LIPF panel course ireland

Starting Documentary Photography

Documentary photography is a powerful  genre of photography that aims to capture real-life situations, events or people in a truthful and objective manner. The aim of documentary photographers is to tell a story or convey a message about the world we live in. Unlike other forms of photography, the aim of documentary photography is not to create aesthetically pleasing or beautiful images, but to present and highlight the reality of a particular subject. Documentary photography can cover a wide range of subjects including social issues, politics, culture, history, etc, but can also be used to tell simple stories in our lives like weddings, our holidays and trips abroads or our daily lives such as our commute to work or garden over the course of the year. Whatever the scale of the project, you will need to start somewhere and here are some simple tips.

online photography courses ireland

Plan and Research
Before you start shooting, take time to research your subject matter, location and the people you will be photographing. Understand the context of the story you want to tell, and the narrative you want to convey. Make a shot list, and plan out the sequence of photos that you need to capture to tell your story. another great way to get a feel for a subject is to leave the camera to one side and just soak in the experince of a story, this will give you a clear idea of the story you wish to tell with images, before taking up or returning to the event. It is worth remebering that the best projects take weeks, months or even years to get a powerful and coherant story in images so take your time and even work on serveral projects at once between visits.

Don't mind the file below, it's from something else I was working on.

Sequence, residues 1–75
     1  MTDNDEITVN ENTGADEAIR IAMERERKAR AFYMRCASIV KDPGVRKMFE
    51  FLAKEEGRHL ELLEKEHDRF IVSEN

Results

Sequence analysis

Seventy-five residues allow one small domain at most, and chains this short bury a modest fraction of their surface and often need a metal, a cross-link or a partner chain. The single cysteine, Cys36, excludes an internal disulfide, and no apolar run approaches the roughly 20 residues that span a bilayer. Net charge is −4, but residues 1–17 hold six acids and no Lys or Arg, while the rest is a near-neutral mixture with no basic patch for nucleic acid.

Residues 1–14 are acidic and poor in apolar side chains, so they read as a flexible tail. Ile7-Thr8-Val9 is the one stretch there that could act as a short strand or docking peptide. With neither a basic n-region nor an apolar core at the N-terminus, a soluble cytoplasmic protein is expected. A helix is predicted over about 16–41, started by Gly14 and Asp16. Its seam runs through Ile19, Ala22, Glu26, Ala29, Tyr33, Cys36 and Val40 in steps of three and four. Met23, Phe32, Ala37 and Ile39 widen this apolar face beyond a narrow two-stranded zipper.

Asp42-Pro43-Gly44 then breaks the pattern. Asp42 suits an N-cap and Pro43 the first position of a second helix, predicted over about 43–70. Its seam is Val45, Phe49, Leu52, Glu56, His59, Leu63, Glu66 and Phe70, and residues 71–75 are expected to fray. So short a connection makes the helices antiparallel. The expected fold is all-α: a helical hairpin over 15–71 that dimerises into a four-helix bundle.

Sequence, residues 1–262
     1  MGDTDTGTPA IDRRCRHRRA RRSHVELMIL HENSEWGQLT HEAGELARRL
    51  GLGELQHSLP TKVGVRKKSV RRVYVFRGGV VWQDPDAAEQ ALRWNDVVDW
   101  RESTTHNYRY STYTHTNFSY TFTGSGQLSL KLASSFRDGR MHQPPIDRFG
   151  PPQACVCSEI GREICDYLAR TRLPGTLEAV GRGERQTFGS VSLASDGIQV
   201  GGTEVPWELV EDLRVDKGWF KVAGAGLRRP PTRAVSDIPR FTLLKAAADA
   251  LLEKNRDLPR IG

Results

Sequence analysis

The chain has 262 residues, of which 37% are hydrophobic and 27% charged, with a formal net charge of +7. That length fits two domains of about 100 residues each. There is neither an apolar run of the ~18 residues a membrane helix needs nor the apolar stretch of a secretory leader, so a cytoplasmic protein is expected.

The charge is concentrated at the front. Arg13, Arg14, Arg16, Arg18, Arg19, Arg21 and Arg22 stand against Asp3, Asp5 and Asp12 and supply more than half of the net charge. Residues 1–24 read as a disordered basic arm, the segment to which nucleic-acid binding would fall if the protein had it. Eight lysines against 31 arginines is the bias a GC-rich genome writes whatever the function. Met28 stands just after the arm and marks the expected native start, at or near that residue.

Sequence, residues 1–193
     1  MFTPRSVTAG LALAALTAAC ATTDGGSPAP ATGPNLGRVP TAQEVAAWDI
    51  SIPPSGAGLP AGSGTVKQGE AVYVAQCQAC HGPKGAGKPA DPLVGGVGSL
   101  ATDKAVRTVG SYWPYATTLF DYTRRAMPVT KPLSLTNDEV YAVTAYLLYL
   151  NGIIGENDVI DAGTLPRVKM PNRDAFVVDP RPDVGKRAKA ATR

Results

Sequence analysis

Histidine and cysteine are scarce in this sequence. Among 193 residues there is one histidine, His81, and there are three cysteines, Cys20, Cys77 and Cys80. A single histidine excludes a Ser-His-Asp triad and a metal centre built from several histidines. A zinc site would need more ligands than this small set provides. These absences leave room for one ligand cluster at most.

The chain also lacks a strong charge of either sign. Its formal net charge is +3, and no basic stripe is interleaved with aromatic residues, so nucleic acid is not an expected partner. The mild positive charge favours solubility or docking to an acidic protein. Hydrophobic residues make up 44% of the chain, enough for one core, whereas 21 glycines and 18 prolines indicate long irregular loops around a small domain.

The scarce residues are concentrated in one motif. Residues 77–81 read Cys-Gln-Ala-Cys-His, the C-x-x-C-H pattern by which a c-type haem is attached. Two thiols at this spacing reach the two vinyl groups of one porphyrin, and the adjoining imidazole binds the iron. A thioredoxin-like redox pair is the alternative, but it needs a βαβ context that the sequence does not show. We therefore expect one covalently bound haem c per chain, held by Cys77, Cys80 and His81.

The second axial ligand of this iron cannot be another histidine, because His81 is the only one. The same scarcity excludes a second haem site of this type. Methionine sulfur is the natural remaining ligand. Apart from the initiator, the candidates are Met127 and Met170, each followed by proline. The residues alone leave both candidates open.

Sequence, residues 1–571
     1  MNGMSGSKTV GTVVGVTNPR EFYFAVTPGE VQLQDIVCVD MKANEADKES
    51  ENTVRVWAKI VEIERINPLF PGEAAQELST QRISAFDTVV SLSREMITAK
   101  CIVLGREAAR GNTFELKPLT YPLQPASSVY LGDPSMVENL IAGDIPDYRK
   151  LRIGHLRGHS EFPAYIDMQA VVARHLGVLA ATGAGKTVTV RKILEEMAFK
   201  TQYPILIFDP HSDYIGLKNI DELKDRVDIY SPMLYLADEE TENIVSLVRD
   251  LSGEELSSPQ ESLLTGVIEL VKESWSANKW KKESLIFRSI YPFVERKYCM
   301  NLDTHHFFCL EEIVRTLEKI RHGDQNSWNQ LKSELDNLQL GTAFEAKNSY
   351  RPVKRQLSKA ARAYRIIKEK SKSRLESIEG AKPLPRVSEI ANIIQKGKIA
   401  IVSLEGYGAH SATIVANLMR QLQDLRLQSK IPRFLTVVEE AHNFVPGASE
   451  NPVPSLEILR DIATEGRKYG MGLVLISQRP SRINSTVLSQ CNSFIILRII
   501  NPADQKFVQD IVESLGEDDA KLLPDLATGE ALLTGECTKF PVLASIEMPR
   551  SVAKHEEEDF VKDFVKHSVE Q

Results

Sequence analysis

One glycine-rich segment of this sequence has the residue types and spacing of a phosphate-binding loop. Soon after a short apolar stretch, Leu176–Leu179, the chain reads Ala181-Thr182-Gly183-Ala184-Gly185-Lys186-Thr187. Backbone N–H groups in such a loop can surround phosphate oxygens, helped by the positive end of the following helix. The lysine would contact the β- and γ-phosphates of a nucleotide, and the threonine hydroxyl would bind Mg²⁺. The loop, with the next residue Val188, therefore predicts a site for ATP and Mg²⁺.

Transylvania photography holidays

Use Natural Light:
Natural light is one of the most powerful tools in documentary photography. It can create a mood, provide depth, and add a layer of authenticity to your images. Whenever possible, use natural light to capture your subjects. Avoid using flash as it can be distracting and can disrupt the moment you are trying to capture.While flash is often used in Documentry Photography if not used with a high degree of skill the images can be a little jarring for the viewer, however there are no hard and fast rules on what is and not acceptable in this genre of photography.

macro photography courses dublin

Be Patient and Observant: Patience is key when shooting documentary photography. Sometimes it takes time to capture the perfect moment or to build a rapport with your subjects. Be observant and wait for the right moment to capture a particular expression, gesture or action. The more time you spend with your subjects, the more likely you are to capture a unique and compelling image.

Get Close:
Get close to your subjects to capture their emotions and expressions. This will add intimacy and depth to your images. Getting close also allows you to capture details that would otherwise be missed from a distance.

photography courses dublin

Use Semi-Automatic Modes:
Documentary photography is all about capturing the unexpected moments that tell a story. Keep your eyes open and be ready to capture the moments that happen naturally. Don’t be afraid to experiment with different angles, compositions and techniques to capture the mood and feeling of the moment.The key to capturing these fleeting moments is to use the semi-automatic modes such as Shutter Priorty (S)(TV)(SP) and Apeture Priority (A)(AV)(AP) modes on your camera, these modes allow you to react much more quickly to unfolding stories and action as it happens so you are not left fiddling around with settings and end up missing the shot. Our 5 Week Level 2 Photography Course is ideal for learning how to use these modes effecively.